ZUCCHINI PASTA // A hydrating summer recipe

We like to remind people to eat water. The ultimate beauty food. Foods that are high in water content, hydrate and feed you on a level that is unique. There is a reason that nature provides these hydrating foods in the most dehydrating time of year. Melons, cucumbers, summer squashes, and summer fruits are all examples of the food that is most hydrating – and plentiful in minerals and antioxidants that keep you feeling good. Living foods, that are abundant and nourishing.

Summer is the perfect time to consume these foods that feed your cells, hydrate your organs, and make you feel better. While drinking water is great, there is no amount of water that can replace food that hydrates on a cellular level. Most of us don't think about what we eat in this way. The beautiful abundance of summer produce is the essence of hydrating – best to be consumed fully intact without any of the nutrients cooked out. This is the spirit of raw food, and this is why so many people feel great eating it.

From slow digestion, to moodiness, cramping, lack luster skin, and drowsiness, the list goes on of ailments that are caused by a simple lack of hydration. When we are dehydrated, we almost can't think clearly – and yet, most of the common things we consume are highly depleting.

Eating well, or eating foods that make you feel good isn't about a restrictive diet. It's about a course correction in how we think about food. How is it normal to eat eggs and bacon for breakfast, but sitting down to half a melon in the summer for a replenishing breakfast would be odd? What foods would we, or could we eat if we were left to our own devices without access to highly processed foods?

When you think about it this way you realize that the human animal is actually very equipped to eat a lot of raw fruits, vegetables, herbs and greens. Food in its most natural state. We love to complicate what is considered normal, and sell fads and food trends that are really too far away from a natural state to be considered anything more than a novelty. Fancy packaging and high pricing is a great decoy. Try eating a piece of fruit for a snack (not to mention giving that to your child) instead of believing a label. Though a modern approach to food can be fun, it isn't necessary.

Outside of eating foods that are in their most vibrant state, we recognize the importance of pleasure when it comes to food. "The dining experience" if you will. So much of how, and what we think about food is a product of culture and habit. Pleasure is important, and eating foods with familiarity and comfort is also an important part of feeling good.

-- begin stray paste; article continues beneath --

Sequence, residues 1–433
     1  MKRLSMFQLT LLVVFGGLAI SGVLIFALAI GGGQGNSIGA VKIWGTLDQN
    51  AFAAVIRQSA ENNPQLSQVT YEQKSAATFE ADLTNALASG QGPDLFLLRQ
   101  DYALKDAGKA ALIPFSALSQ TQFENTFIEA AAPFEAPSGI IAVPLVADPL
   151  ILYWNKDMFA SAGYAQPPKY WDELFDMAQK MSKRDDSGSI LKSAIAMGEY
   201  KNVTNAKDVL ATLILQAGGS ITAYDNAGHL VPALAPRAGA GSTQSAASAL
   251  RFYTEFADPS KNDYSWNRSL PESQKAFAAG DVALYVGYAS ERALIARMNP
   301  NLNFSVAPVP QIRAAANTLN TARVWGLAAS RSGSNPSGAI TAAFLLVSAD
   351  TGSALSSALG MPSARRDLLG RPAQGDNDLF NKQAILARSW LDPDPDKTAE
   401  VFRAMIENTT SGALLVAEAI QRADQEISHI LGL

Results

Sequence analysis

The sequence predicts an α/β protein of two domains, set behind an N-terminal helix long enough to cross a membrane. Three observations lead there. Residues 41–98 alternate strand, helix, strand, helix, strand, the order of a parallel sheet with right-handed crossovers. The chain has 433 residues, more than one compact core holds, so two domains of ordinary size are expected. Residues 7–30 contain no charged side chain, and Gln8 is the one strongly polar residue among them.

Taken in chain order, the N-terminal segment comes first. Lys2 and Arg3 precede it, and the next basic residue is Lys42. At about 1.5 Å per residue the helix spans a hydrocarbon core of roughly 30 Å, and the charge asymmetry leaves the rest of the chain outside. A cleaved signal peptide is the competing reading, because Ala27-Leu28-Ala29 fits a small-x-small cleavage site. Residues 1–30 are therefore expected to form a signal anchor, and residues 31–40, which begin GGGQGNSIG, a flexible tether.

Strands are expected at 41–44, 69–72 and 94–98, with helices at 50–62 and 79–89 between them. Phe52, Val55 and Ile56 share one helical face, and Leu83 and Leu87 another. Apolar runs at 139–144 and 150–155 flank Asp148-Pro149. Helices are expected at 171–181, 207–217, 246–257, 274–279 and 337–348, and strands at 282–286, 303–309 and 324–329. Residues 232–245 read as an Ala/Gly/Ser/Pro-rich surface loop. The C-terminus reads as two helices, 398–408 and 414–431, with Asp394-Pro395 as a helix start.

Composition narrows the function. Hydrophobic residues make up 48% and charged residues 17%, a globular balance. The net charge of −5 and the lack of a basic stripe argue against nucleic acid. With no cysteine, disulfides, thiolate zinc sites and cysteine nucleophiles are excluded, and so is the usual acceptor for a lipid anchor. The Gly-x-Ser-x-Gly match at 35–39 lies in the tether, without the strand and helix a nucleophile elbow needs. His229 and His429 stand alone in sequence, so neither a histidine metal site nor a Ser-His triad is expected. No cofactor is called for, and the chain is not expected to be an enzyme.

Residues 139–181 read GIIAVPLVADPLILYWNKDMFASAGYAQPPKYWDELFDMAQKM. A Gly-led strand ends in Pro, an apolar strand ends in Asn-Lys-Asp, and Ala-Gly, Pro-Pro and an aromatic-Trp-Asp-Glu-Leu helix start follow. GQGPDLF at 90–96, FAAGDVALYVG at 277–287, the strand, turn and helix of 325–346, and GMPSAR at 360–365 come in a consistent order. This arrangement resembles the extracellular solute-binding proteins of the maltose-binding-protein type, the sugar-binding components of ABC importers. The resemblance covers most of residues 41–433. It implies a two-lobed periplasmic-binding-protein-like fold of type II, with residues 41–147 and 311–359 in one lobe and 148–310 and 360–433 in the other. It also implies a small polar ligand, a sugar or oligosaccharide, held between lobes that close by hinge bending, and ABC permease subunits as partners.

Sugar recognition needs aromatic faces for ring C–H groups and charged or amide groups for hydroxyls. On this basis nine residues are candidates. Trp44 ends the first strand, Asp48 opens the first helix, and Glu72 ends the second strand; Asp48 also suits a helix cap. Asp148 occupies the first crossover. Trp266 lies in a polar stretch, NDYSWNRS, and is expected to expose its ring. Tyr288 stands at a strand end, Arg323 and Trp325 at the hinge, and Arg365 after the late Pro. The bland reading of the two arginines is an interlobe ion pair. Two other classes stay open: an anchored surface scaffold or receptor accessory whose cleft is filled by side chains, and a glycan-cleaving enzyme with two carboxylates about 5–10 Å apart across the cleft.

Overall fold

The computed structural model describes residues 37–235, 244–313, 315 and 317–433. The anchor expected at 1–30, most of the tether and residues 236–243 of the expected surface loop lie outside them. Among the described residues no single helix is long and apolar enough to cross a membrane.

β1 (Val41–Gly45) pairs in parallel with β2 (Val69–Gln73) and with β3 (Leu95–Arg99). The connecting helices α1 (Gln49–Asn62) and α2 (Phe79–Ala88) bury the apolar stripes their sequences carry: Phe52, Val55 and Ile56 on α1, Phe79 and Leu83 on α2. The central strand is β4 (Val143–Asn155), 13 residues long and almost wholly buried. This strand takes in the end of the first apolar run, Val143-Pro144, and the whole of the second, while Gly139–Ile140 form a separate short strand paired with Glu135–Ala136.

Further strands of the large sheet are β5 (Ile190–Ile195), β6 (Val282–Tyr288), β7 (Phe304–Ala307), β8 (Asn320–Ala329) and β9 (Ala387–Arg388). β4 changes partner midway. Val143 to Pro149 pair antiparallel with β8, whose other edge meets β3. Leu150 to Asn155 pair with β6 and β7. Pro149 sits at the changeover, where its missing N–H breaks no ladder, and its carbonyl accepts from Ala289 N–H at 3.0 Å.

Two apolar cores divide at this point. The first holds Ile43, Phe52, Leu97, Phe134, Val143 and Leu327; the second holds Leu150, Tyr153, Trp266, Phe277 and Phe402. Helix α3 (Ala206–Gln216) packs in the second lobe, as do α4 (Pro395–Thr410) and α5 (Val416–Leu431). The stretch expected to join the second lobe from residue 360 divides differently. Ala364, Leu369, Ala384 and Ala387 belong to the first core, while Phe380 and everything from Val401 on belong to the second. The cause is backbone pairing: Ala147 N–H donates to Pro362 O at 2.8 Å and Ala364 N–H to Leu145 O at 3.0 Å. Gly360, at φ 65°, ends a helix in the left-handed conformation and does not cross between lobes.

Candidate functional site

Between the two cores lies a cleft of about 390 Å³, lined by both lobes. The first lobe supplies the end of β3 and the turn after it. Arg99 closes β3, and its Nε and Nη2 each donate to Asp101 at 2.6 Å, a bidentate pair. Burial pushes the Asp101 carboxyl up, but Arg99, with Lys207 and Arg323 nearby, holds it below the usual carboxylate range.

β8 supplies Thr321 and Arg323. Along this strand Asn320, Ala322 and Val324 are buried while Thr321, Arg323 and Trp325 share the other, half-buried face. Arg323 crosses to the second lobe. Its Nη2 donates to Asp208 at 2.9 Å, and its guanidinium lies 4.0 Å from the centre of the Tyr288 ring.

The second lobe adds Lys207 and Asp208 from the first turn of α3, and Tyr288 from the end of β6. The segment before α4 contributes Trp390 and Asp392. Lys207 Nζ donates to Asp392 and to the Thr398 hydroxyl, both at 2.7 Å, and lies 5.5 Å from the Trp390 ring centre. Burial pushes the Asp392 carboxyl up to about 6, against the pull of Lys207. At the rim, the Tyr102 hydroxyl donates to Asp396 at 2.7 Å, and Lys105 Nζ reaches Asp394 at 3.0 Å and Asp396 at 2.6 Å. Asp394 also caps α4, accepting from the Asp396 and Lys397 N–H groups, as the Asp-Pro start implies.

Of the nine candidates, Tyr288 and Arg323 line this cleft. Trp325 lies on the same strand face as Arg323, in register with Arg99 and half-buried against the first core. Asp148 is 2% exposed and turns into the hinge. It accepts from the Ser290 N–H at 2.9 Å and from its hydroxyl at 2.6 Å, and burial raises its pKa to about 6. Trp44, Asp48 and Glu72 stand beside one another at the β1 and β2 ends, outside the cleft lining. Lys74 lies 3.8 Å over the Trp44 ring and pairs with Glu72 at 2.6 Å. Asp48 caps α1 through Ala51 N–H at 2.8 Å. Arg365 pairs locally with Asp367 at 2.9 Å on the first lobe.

While there is a lot to learn from tradition and culture when it comes to recipes, there is also a unique opportunity to discover a new way of thinking about a dish and how we create it. Going back to the basics.

This recipe for zucchini pasta is the ultimate expression of summer. With endless variety of herbs, greens, and heirloom tomatoes you can truly make it work however you'd like. I always think of recipes as a base idea rather than something firmly set in stone. Get creative! Thats what it's about. 

ZUCCHINI PASTA (with Tomato, Olive, Pin Nuts Relish) //

This is a more gourmet take on the classic “raw” zucchini pasta. This makes a great summery side dish or a light and satisfying entrée.

4 large zucchini, thinly sliced with a mandolin (should yield about 8 cups)
1 teaspoon sea salt

3 cups chopped tomatoes (heirlooms if possible) 
1⁄2 cup cured kalamata olives, pitted
2 tablespoons apple cider vinegar
2 dates, pitted
1 teaspoon cinnamon
1 teaspoon ground mustard
1 teaspoon ground turmeric 
1 teaspoon sea salt

1⁄4 cup basil, julienned
1⁄4 cup kalamata olives, pitted and chopped Pine nuts (optional).

Shaved Zucchini:
Toss zucchini with sea salt. Allow to marinate for at least 10 minutes. Drain and pat dry before tossing with sauce.

Tomato Relish:
Pulse all ingredients in a food processor until well com- bined, but still slightly chunky.

Toss noodles with relish. Garnish with fresh basil, chopped kalamata olives, and pine nuts, if desired.

Serves 2–4

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